Recording an Artist Video with Android Cellphone

Many artists are experimenting with how to record videos of themselves creating art, using their Android cellphone. Here are instructions on how to do this. This how-do is for the very basics of how to record the video using a cellphone. We’ll have separate how-tos on using webcams, on editing, how to post a premiere video, how to stream video live, and so on.

For this example, you are recording the video wholly off-line (not live). This means you can re-do the video as many times as you want until you have a result you’re happy with. Only then do you post that video for people to view.

Step 1: Setting Up the Area

People who watch this video will want to be able to see what you are doing. There are two main formats people tend to use. One, used by Libia Goncalves with her how-to videos, involves the cellphone on a tripod, looking “over the artist shoulder”.

https://www.youtube.com/channel/UCqfuyZLE2QyrTo8Bs8HtaPA

Similarly, Lisa uses this for her BVAA workshop videos:

https://www.facebook.com/BVArtAssoc/

In comparison, there is the “across the room” layout, which shows the entire artist plus their easel with their artwork. This is the layout Laura Cenedella uses:

https://www.facebook.com/Laura-O-Cenedella-269143975260

All of these were done with cellphones. It’s just a cellphone on a tripod. Different layout options are useful for different reasons. A close-up focuses just on the artwork. A “Bob Ross” style artist view lets the artist discuss ideas more clearly with the audience.

You’ll note that all three are oriented HORIZONTALLY. Always orient your video horizontally to be best suited to all viewing modes – TVs, computer monitors, and cell phones.

Here’s the cellphone-specific tripod Lisa is using:

https://www.amazon.com/gp/product/B07NWC3L95/

It is incredibly easy to use and adjust. You just stick the cellphone into the top grippy arms and it’s set. It can telescope and angle. I use this for my computer webcam, too, so I can shoot videos of me painting at my desk.

Play with the lighting on your scene. Add extra lights to make it visible, if you need to. Do tests to see if the viewer can see the artwork clearly.

Bob Evans says: “Good lighting is important, doesn’t need to be anything fancy, some DIY clip on lights will work well, especially if bounced of a piece of white foam core board.”

Step 2: Making the Recording

On your Android phone, it’s easy to record a video. Just click on your normal camera icon to open up your camera. Here is me pointing my Samsung Galaxy S7 at my watercolor tray.

See how there is the big white “take a picture” button at the right? Below that is a red dot. That red dot is your START button to record a video. Try it. Just click that red dot and record a short video of anything at all.

That’s all it takes to record a video. Open your camera app. Hit the red button. Press again to stop the video.

Bob Evans says: “For iPhone it’s basically the same, tap on ‘camera’ swipe to select video and push the red button, push again to stop.”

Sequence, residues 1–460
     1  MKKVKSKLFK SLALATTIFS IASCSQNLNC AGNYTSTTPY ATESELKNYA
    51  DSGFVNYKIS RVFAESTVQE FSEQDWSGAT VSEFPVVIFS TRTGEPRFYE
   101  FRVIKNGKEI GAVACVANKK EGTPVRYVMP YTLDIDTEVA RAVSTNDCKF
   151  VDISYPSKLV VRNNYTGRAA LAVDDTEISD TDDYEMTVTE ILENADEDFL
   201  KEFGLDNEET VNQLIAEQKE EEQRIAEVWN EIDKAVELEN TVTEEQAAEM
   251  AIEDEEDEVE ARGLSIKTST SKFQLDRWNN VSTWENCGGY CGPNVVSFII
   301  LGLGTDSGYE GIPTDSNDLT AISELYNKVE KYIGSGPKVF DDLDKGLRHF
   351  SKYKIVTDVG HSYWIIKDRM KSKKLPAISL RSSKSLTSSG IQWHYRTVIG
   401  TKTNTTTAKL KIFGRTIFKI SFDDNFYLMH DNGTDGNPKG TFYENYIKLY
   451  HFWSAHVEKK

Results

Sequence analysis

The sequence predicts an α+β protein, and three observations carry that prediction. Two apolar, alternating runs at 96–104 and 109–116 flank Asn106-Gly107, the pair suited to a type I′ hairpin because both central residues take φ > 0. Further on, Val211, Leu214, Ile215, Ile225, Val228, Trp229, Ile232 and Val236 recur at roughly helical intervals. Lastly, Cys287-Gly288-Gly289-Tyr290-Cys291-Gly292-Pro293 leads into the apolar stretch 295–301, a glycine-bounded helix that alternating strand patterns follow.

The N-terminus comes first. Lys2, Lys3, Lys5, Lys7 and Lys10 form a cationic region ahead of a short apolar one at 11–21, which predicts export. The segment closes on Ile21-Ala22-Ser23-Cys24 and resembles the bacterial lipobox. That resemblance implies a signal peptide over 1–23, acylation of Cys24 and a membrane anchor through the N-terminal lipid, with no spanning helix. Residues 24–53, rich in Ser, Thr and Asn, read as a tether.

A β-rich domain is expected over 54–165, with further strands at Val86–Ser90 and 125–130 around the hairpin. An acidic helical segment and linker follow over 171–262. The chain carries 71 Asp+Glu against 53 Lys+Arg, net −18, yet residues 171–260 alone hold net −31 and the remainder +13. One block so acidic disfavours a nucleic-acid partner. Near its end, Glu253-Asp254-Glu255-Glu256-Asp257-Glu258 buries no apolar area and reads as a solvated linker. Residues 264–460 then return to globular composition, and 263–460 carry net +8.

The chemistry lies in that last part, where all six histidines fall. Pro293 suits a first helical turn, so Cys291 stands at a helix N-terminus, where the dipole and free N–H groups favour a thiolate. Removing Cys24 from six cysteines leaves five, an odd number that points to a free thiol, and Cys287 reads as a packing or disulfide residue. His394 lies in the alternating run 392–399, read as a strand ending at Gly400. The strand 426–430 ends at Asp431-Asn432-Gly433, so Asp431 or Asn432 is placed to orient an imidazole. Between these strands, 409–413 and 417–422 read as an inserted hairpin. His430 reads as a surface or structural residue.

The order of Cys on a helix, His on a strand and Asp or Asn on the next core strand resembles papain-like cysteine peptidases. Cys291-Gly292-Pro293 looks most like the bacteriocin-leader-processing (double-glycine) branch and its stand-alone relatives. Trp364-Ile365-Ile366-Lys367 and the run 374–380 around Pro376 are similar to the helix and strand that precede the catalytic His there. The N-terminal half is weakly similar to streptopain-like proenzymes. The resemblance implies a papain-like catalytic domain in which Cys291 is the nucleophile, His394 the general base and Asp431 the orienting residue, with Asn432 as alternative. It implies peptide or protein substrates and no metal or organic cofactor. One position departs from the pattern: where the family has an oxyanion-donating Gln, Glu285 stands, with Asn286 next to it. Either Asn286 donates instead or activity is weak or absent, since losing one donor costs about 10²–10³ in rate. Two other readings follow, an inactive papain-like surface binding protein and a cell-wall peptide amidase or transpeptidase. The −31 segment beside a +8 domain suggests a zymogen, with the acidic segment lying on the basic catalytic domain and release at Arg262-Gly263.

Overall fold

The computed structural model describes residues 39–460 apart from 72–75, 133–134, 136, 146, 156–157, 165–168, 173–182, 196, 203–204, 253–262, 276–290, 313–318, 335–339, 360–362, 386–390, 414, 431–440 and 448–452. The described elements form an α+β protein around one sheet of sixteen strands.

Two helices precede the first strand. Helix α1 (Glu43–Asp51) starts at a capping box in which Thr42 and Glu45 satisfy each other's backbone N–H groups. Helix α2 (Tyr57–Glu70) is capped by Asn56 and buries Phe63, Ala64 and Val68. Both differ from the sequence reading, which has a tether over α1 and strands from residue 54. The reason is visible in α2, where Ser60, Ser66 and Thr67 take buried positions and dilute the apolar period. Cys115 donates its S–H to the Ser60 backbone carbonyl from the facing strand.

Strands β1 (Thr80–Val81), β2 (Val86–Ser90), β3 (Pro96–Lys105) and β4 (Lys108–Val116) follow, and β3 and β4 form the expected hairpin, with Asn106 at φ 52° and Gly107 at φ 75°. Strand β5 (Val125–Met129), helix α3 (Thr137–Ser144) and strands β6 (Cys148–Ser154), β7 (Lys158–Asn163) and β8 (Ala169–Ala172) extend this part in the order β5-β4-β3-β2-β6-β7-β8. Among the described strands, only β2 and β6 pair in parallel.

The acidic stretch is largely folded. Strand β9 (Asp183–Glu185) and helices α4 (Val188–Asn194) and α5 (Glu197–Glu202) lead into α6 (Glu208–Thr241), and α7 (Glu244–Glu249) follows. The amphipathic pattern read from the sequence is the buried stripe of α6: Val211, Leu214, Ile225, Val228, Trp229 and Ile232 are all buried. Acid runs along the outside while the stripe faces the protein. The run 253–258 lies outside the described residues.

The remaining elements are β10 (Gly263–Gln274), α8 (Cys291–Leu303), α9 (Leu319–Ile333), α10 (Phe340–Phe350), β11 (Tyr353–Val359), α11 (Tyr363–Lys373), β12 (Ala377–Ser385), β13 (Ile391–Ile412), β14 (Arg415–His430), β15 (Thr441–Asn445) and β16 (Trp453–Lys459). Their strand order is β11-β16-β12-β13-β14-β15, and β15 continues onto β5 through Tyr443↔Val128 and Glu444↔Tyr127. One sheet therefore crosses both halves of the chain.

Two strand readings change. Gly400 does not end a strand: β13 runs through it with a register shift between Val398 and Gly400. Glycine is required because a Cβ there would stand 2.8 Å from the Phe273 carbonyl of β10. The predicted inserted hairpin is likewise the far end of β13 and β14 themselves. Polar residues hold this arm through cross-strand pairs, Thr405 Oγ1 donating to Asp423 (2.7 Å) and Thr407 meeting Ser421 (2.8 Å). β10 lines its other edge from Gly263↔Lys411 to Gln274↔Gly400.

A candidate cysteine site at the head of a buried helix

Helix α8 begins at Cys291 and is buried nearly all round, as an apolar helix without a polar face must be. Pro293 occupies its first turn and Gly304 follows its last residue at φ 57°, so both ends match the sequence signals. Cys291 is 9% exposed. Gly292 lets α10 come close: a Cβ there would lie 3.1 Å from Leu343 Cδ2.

Practice a few times. Record short videos. You can delete them. See how it works.

Once you get the hang of making a short video, try making a video of you doing something art-related. You don’t need a tripod. You can just wedge your cellphone on a shelf or duct tape it or rubber band it to something. See how it works. Experiment. You can delete the videos. It doesn’t matter.

Step 3: Posting A Video

OK you’ve practiced, and experimented, and you’ve ended up with a 2-minute video of you painting a cloud. We would love to see your video! The more we all share with each other, the more we learn new techniques.

Here are a few ideas for posting your video.

YouTube: This is enormously popular and doesn’t require a logon to watch. Create an account at YouTube.com. The upload button will be at the top right of the screen and looks like a video camera. YouTube is all about videos – that is what they do. Just click that upload button, give your video a title, and let us know when it’s live.

Facebook: Facebook does require a Facebook account to watch these videos, but the traffic on Facebook is phenomenal. Even if you post on YouTube, it’s good to also post your video on Facebook. The built-in sharing and publicity for videos here is fairly phenomenal. Even if you hate Facebook personally, consider creating a fan page here solely for use of promoting videos. To post a video on Facebook, just do your normal post typing, and click the ‘video’ button to attach a video to your post.

BVAA: If you have no interest of having yourself anywhere on line, let us know. We can post your videos to our BVAA pages. That way you don’t have to be online at all. We’ll get it live for you.

Step 4: Ask for Feedback!

We are all learning and experimenting here. We’re all trying different lighting angles, different camera angles, different layouts, and more. Ask members for suggestions. Watch other members’ videos and see what they’re trying.

The more we all help each other out, the more we all thrive!

Here are a few links to BVAA members’ cellphone videos, to see how these work:

Laura O. Cenedella:

https://www.facebook.com/Laura-O-Cenedella-269143975260

Libia Goncalves:

https://www.youtube.com/channel/UCqfuyZLE2QyrTo8Bs8HtaPA

Let us know if you are doing videos with a cellphone, so we can share your links! We’ll have additional articles which go into more advanced topics once you get the hang of simply making and posting a video.

For example, once you have a video, here is how to load it onto YouTube as a special Premiere Video Event, to get it more viewers.

You should also load it onto Facebook, to reach that audience:

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